If trees could speak our language, the gum palm, or Dioon spinulosum, would likely have thousands of stories to tell.
Belonging to a group of plants known as cycads, gum palms have been around for more than 270 million years, dating back to the the same time frame as the Jurassic period. Gum palm was a favourite meal of the stegosaurus and triceratops, and therefore the Jurassic period has also been referred to as the Age of Cycads.
In those early times, gum palms existed in abundance; today they are listed as an endangered species.
Though gum palm is noticeable for its architectural structure, it is easy to miss the flowers — this is because they do not exist. The gum palm is known as a gymnosperm, or non-flowering plant. Rather than a flower, it produces a cone, which is an unusual, and remarkable feature of this plant. The cone is what holds the seed, which is then dispersed for reproduction. The Dioon spinulosum’s female cone is the largest of all gymnosperms, living or extinct.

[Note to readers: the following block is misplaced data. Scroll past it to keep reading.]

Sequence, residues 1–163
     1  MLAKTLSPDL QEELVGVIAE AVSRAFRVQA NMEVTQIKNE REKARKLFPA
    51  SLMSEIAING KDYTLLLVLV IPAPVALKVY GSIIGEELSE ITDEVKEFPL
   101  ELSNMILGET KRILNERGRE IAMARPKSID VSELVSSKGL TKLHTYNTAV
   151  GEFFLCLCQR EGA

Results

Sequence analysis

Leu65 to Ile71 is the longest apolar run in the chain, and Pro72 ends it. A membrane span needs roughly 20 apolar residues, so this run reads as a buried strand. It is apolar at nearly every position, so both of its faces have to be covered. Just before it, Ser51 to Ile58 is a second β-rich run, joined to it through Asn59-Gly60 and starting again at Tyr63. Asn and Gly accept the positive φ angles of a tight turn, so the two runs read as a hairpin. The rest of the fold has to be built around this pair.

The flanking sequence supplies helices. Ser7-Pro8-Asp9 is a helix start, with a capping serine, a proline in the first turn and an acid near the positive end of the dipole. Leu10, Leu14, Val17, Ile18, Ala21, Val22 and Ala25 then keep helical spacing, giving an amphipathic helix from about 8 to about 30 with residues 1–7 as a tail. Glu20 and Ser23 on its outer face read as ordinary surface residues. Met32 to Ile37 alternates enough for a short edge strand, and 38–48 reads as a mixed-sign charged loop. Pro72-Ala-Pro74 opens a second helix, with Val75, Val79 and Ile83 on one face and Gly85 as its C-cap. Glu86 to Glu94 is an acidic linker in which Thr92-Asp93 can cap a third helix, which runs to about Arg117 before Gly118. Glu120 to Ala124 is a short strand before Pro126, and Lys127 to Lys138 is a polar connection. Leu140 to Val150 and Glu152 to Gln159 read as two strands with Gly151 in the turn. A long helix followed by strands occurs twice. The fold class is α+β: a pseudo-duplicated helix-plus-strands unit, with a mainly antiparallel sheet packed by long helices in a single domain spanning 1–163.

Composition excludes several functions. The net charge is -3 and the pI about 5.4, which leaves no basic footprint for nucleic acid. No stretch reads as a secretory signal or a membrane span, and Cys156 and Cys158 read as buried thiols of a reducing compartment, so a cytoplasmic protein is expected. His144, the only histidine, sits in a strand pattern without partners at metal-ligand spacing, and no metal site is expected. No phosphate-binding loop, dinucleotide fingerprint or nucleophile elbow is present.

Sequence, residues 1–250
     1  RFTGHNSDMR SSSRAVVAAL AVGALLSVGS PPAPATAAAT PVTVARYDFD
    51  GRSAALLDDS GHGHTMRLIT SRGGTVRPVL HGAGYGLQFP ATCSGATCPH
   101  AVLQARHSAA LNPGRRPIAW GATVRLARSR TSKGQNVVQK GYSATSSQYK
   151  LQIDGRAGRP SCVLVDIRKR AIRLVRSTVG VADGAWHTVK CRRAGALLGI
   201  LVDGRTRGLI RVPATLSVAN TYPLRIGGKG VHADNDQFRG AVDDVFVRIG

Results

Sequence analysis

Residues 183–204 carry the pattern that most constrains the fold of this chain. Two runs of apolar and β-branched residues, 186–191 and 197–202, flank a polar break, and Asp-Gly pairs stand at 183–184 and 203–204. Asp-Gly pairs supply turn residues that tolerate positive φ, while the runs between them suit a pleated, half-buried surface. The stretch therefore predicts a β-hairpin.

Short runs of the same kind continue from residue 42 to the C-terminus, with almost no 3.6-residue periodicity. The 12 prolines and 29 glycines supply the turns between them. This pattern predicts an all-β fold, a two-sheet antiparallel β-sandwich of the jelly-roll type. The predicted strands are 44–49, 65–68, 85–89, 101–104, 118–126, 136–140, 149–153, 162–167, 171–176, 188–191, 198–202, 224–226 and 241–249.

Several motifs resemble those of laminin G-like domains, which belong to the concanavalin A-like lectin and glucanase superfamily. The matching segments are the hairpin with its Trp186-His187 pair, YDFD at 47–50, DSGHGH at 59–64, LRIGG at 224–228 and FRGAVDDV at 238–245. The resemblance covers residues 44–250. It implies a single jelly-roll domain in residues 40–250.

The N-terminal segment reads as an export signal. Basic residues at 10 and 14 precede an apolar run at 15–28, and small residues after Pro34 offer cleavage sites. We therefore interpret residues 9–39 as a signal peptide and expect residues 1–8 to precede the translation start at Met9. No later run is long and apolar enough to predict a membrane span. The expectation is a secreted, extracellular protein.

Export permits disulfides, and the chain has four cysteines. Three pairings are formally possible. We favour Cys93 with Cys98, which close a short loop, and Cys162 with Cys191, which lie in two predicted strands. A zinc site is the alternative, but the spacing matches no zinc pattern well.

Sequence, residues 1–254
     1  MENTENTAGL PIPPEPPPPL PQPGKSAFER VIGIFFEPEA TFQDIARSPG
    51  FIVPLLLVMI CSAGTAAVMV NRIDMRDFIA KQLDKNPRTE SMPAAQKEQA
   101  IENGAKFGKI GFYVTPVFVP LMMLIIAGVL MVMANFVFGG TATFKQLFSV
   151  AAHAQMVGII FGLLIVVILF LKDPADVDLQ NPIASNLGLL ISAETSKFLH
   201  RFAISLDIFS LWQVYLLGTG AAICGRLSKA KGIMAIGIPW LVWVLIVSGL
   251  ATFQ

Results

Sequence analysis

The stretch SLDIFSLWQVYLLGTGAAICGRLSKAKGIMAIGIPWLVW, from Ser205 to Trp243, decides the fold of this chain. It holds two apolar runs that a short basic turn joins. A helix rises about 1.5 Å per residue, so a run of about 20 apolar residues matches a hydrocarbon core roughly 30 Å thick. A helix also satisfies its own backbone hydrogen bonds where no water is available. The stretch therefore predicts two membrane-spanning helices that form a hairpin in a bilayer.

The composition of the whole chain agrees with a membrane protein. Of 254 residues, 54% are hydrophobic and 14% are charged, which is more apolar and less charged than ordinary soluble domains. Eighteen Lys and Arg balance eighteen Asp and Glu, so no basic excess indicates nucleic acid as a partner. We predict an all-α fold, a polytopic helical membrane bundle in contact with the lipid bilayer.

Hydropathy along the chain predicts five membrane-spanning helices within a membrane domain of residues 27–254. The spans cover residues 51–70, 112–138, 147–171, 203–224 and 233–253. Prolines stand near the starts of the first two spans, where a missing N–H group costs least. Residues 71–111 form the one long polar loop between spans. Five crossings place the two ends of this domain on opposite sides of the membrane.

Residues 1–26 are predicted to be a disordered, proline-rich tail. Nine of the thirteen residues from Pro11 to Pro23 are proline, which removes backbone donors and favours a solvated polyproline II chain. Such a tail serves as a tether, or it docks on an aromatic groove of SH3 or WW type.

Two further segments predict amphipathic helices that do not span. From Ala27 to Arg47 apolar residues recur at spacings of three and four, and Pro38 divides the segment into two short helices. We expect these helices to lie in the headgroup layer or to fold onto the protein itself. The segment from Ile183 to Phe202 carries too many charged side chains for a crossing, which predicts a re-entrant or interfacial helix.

Native to southeastern Mexico in the tropical rainforests of Oaxaca and Veracruz, gum palm can grow on rocky slopes with well-draining soil. Another noteworthy characteristic is that it tolerates and actually even prefers limestone soil and can tolerate humidity better than other cycads. Both of those factors make it an excellent choice for landscapes in the Cayman Islands.
Growing to heights of 50 feet in its native habitat, the gum palm has striking green leaves which radiate in perfect symmetry from its trunk. Each leaf has 120 to 240 leaflets, which are small and flat and have tiny thorns along their edges that then taper to a sharp point.
A trendy and sustainable plant for the landscape, gum palms will grow in full sun, but will grow faster in a bit of shade. In Camana Bay, the gum palm can be seen along the Paseo.